In noting the album’s very consistent nature, an outlier with an inescapably trifling appearance is Leper Jerusalem keeping to a more Goatwhoreish rollicking than alluding to any semblance of continued melodic genius...at least the album’s strong thematic content bleeds through in favor of this rather harmless track. Extemporized Ophthalmic Release is a trippy addition only in its totally unwarranted minimalistic nature – as though this is what Melechesh’s sound would be if they weren't lavish in technical talent. Can’t say its filler, though, because as a bonus track it simply doesn't fill any space; definitely a neat way to solidify the point of the album. Other highlights include Scribes of Kur, embodying the record’s much needed breather track. Sure, the presence of this appendage could be likened to any work of Nile’s. However, primitive tribal intermezzos akin to the likes of the lesser are superseded as Melechesh creates efficacious and meaningful feel through this aptly placed track. Point quad: Melechesh.

All in all, the point at hand just cannot be danced around. When assessing musicianship in the context of true Mesopotamian feel, Melechesh pharaohs the pack with an excess of unsurpassable factors that prove critical to the effectiveness of a great culturally influenced record. Make no mistake of this group's genius, and admit no contest on this null matter. Inside out, you can’t cope! My gyroscope!

For Everyone - 95%

Nyctophile, April 6th, 2007

Melechesh is a band that perfectly combines elements of black metal with ethnic influences. Listening to the cd the first time, I knew this band had massive potential. The fact that they declare themselves as Sumerian Black Metal alone shows that they are shooting for a unique sound. They do achieve a unique sound, trust me.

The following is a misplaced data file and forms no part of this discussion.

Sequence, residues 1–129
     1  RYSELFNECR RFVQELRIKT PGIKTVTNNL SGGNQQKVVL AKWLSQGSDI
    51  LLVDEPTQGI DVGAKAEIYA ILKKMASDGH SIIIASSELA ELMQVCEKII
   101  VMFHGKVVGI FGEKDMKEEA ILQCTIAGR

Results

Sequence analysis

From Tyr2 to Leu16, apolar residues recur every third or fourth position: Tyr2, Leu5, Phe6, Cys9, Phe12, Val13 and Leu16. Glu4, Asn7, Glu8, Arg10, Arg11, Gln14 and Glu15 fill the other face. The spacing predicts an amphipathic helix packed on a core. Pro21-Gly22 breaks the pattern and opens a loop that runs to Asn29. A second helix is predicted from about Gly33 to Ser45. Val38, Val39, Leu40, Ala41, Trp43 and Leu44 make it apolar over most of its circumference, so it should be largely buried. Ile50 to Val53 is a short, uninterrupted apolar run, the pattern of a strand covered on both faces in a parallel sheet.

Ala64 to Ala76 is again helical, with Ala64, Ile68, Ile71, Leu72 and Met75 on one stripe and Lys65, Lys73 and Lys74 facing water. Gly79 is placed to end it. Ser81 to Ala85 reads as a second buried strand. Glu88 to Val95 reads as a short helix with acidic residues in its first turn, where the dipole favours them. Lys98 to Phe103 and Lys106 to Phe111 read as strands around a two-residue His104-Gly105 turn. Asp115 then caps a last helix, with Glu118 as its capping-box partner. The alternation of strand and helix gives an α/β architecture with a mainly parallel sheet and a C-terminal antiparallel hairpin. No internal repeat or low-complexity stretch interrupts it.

The most amazing part of Emmisaries is the fact that Melechesh creates such a unique atmosphere without sacrificing tenacity. Instead of using a plethora of instruments to create their "Sumerian" sound, the band relies on solid, creative riffs that leave you awestruck. They're not the most technical Black Metal band out there, but they do have solid musicianship.

As far as sound quality of the cd goes, Emissaries is a superb cd. The guitars are crisp and clean, punctuated by the drums. In addition to the guitars, the vocals are also very good, with a raspy, shrill tone.

Songwriting for Emissaries is definitely top-notch. Before you even think of listening to the cd, make sure you listen to "Rebirth of the Nemesis." The opening track absolutely devastates and leaves you with an indescribable feeling. Other notable tracks include "Ladders to Sumeria," "Double Helixed Sceptre," and "Touching the Spheres of Sephiroth." The songs themselves exhibit a lot of variety. For instance, "The Scribes of Kur," has a slower pace with more ethnic instrumentation that helps to create the mood of the cd. Overall, the songs complement each other nicely without sounding disjointed.